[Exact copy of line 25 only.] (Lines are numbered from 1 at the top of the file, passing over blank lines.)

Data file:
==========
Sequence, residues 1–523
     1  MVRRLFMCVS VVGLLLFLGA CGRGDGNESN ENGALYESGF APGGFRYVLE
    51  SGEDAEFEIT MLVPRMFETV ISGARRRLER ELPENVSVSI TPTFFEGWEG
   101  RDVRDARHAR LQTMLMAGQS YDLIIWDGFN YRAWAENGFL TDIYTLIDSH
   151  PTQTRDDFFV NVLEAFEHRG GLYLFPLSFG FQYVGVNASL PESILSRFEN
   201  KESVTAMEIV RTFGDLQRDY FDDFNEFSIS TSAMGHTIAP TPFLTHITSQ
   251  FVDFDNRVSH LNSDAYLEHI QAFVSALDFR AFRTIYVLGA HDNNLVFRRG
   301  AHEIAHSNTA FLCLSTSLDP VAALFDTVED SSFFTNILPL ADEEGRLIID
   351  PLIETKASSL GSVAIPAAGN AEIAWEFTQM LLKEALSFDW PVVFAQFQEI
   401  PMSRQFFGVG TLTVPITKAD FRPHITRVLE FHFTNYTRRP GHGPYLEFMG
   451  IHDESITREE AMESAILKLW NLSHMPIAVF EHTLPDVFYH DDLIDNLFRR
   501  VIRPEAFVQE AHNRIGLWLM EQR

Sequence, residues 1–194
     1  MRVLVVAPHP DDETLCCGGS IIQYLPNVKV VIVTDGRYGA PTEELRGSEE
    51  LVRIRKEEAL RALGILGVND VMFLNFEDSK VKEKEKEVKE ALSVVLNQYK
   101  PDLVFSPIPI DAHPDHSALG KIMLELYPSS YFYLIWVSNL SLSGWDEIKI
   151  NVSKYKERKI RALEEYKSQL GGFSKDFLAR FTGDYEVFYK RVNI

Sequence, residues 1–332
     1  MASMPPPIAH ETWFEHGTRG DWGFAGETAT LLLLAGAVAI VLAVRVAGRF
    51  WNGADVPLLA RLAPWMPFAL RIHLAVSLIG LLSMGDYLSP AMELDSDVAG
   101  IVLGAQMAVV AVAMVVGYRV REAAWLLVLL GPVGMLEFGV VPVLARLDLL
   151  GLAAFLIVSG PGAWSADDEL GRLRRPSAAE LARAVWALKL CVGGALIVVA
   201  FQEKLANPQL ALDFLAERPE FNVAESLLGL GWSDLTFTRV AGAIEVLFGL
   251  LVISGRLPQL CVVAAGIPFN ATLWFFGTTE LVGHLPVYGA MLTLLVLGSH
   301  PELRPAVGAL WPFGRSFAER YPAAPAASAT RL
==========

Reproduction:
   301  PELRPAVGAL WPFGRSFAER YPAAPAASAT RL